Opinion

Felix Salmon

The whining rich

By Felix Salmon
September 20, 2010

Todd Henderson’s whine about how he’s only scraping by on $450,000 a year in his million-dollar Chicago house is causing quite a stir in the blogosphere. (Tyler Cowen says that “this number seems not to be true”, but Henderson isn’t clarifying things, and it’s very hard to come up with a substantially lower number which would result in his family still paying “nearly $100,000 in federal and state taxes”.)

Tyler says that the rich have just as much right to whine as the poor, which is a fair point. But it’s also reasonable to examine this particular law professor’s argument closely. For instance:

If our taxes rise significantly, as they seem likely to, we can cut back on some things. The (legal) immigrant from Mexico who owns the lawn service we employ will suffer, as will the (legal) immigrant from Poland who cleans our house a few times a month. We can cancel our cell phones and some cable channels, as well as take our daughter from her art class at the community art center, but these are only a few hundred dollars per month in total.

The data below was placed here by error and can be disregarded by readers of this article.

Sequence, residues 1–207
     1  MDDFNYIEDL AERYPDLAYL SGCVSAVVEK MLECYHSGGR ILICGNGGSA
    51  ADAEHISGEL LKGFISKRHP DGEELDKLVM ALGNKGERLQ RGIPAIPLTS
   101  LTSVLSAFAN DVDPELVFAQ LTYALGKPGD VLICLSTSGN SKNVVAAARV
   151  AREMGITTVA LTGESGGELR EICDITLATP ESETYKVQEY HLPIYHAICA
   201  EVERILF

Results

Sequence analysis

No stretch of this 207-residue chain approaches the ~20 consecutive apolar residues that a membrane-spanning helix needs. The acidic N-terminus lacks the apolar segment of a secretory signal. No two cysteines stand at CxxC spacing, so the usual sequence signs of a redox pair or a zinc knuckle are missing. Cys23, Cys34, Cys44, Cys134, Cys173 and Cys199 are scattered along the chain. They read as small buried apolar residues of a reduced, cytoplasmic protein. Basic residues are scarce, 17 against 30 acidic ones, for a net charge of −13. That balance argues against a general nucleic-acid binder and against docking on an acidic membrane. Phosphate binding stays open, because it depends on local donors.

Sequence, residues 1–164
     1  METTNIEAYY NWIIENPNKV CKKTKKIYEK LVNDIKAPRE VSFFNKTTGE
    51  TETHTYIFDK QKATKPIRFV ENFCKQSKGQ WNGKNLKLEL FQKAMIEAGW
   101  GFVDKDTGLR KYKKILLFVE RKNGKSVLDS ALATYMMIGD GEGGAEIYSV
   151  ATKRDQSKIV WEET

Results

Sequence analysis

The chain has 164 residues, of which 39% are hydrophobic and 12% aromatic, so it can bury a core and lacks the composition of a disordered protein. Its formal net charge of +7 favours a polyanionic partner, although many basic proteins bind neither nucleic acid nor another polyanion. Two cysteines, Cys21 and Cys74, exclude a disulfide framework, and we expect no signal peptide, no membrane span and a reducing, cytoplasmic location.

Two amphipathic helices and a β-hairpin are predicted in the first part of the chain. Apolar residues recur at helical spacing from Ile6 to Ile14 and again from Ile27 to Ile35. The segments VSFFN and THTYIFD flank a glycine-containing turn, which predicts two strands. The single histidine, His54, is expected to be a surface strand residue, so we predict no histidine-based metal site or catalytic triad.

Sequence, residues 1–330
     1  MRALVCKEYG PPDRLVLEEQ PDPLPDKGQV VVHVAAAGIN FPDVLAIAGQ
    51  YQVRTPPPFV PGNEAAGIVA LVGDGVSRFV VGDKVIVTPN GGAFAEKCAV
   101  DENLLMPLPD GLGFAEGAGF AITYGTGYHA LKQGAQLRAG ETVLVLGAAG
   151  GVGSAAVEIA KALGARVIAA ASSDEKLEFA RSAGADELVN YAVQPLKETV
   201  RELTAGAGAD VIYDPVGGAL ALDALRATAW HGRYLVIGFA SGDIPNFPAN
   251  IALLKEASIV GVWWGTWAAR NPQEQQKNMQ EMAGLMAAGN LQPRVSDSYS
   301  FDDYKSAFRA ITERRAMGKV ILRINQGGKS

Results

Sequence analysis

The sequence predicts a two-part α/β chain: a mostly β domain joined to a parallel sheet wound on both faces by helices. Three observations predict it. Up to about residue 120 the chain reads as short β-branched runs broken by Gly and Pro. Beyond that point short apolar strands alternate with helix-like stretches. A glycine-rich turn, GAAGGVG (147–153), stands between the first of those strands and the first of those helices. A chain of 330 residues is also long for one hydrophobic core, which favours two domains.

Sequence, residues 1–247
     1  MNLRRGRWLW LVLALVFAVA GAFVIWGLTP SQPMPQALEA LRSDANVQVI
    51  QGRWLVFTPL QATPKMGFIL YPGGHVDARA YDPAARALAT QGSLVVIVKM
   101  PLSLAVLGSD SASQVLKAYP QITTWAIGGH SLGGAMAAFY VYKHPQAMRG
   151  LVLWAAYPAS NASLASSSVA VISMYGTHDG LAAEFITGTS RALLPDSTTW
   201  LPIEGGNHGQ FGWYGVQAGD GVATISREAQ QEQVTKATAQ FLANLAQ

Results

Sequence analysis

Here’s Brad DeLong’s fantastic response:

The big expenses in the Henderson family budget–their $60,000 a year in contributions to tax-favored retirement savings vehicles, their $25,000 a year savings building home equity, their $55,000 for housing, their $60,000 in private school costs, even their $10,000 a year for new cars–are simply out of reach for the overwhelming majority of Americans…

By any standard, they are really rich.

But they don’t feel rich. They have a cash flow problem. When the bills are paid at the end of the month, the money is gone–and they feel that they have to scrimp…

Professor Henderson’s problem is that he thinks that he ought to be able to pay off student loans, contribute to retirement savings vehicles, build equity, drive new cars, live in a big expensive house, send his children to private school, and still have plenty of cash at the end of the month for the $200 restaurant meals, the $1000 a night resort hotel rooms, and the $75,000 automobiles. And even half a million dollars a year cannot buy you all of that.

But if he values the high-end consumption so much, why doesn’t he rearrange his budget? Why not stop the retirement savings contributions, why not rent rather than buy, why not send the kids to public school? Then the disposable cash at the end of the month would flow like water. His problem is that some of these decisions would strike him as imprudent. And all of them would strike him as degradations–doctor-law professor couples ought to send their kids to private schools, and live in big houses, and contribute to their 401(k)s, and also still have lots of cash for splurges. That is the way things should be.